The Matter with Morris by David Bergen. HarperCollins 2010.
Hello! Welcome to Willow Books. I decided that in 2011, I would keep a separate journal of the books that I read. I finished out 2010 with a year-end reading roundup at Willow House Chronicles, which you can read here. Since Christmas, I have been able to enjoy some relaxing moments lounging in front of the fire and catching up on some reading, an excellent past time for cold winter days. I set myself the goal of reading the 5 books that were short-listed for the 2010 Giller Prize.
The Giller Prize was founded in 1994 by Jack Rabinovitch in honour of his late wife, Doris Giller, who passed away from cancer the year before. The award recognized excellence in Canadian fiction and awards a cash prize annually of $25,000. You can read more about the Giller Prize and past winners here. David Bergen, author of The Matter with Morris is featured on a video segment at the Giller site in which he provides some background on what led him to write this novel.
The matter with Morris is, in short, that his son has died. His young son, Martin, enlisted and was subsequently killed in Afghanistan, a victim of friendly fire. After the loss of Martin, Morris finds that he and his wife are drifting apart, and he moved out of the family home, taking up residence in his own condominium. Morris struggles with his work as a syndicated columnist and sets aside his writing, uncertain that he will ever return to his column. He begins a correspondence with a similarly bereaved woman who read of his lose in his column.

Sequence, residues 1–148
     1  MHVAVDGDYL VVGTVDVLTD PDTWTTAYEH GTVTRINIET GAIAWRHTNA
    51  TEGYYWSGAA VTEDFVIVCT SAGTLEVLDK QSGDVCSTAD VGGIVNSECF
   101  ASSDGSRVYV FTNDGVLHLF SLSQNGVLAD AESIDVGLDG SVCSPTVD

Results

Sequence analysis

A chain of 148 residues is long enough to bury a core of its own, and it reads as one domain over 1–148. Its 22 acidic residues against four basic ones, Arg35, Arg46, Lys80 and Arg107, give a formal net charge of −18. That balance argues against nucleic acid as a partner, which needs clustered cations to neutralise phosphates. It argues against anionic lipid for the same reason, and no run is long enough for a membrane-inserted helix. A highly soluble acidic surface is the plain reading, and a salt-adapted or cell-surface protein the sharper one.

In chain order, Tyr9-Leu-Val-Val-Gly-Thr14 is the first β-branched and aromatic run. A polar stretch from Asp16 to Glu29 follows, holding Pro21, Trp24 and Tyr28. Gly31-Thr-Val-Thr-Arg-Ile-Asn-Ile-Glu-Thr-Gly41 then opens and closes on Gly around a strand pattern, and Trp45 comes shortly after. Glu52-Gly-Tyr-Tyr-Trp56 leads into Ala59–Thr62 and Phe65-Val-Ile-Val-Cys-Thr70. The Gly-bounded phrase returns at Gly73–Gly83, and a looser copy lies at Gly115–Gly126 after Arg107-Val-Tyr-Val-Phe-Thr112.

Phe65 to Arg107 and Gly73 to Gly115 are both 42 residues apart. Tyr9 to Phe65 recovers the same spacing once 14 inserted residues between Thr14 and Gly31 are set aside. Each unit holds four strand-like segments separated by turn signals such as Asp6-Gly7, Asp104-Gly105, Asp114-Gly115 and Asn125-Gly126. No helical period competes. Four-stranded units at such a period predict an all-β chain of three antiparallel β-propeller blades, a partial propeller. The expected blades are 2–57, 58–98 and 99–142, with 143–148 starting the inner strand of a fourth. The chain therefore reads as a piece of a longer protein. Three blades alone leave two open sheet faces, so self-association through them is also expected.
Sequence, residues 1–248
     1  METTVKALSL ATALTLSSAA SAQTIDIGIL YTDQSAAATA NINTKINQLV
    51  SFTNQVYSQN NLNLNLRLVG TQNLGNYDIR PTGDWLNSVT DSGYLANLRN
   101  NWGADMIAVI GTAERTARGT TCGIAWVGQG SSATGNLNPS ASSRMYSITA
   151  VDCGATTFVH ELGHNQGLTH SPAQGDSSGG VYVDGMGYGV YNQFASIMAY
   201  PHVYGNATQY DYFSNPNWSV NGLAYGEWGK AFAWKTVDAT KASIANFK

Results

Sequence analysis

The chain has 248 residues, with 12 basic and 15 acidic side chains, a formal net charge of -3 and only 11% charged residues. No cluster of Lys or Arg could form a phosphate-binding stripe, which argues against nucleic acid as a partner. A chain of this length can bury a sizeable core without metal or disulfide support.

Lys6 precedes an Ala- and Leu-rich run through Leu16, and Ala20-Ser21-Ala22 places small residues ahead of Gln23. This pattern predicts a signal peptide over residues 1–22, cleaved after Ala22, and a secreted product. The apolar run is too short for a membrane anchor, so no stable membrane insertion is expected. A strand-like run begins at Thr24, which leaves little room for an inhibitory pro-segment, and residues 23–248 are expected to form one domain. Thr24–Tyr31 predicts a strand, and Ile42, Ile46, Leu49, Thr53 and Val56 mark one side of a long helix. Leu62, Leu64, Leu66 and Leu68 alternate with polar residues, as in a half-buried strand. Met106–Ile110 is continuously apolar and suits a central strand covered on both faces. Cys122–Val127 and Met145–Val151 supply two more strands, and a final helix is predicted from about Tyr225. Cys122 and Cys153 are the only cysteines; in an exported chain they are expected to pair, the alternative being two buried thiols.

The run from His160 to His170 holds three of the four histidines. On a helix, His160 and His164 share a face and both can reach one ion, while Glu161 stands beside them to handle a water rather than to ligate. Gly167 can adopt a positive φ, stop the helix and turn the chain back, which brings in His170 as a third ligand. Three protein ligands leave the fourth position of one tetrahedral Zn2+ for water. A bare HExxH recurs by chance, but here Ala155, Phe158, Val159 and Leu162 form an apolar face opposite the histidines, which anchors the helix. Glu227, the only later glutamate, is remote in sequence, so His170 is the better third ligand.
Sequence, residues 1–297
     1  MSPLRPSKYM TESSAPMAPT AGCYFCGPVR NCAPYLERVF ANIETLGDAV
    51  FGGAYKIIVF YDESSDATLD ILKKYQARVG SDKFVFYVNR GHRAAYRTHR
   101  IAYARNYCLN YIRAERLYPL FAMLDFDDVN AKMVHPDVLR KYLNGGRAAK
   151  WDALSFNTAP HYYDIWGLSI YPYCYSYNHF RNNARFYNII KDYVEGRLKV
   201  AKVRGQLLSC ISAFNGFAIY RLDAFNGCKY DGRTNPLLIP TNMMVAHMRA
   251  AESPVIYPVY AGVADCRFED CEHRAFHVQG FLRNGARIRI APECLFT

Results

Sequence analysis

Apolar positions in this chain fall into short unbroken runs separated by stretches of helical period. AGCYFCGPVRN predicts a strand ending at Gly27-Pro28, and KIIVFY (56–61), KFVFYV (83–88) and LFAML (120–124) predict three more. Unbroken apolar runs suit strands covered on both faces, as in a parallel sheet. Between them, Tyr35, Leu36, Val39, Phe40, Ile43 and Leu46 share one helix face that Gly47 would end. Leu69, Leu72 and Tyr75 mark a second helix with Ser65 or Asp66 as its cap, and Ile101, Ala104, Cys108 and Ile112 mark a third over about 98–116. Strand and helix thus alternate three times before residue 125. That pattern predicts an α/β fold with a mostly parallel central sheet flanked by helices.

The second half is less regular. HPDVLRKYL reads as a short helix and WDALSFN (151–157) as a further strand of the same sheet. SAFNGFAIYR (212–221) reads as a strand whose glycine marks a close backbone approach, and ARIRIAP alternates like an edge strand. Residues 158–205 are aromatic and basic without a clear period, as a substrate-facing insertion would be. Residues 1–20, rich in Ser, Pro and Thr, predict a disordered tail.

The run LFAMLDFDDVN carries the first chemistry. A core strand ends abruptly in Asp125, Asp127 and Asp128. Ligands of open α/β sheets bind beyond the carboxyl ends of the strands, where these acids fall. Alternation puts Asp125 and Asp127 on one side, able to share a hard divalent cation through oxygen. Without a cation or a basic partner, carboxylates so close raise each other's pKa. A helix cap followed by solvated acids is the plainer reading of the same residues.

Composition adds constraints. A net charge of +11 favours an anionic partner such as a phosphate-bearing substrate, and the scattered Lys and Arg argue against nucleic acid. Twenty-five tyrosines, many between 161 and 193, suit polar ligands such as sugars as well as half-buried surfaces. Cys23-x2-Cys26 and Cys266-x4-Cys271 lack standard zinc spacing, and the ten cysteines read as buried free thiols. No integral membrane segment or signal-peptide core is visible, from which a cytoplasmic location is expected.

Morris lives in very fortunate circumstances. He is married to a medical doctor and enjoys the benefits of a substantial income. His own workload is light. He drives a Jaguar, wears Hugo Boss suits, drinks fine wines. Yet he doesn’t seem to have any hobbies or interests or passions beyond comfortable living. And sex. When he is separated from his wife, he indulges in encounters with escorts at hotels. One of the young business women he meets is an acquaintance of his daughter, earning money to purportedly save up for medical studies. He disapproves of her activities, even though he is a client.
I found the segments in which Morris muses over where responsibility lies for the deaths of young men in Afghanistan the most compelling. Who is to blame? The politicians who set armies in motion? The manufacturers of munitions? A society that endorses gun culture? Is the war in Afghanistan worth fighting? There are no easy answers.
The trouble with The Matter with Morris was that I had a hard time caring what the matter with Morris was. I was about three-quarters of the way through the book before I started to feel any real interest in or connection with Morris. By the end of the story, Morris is coming to terms with his son’s death and is preparing to move on, a satisfying conclusion to the novel.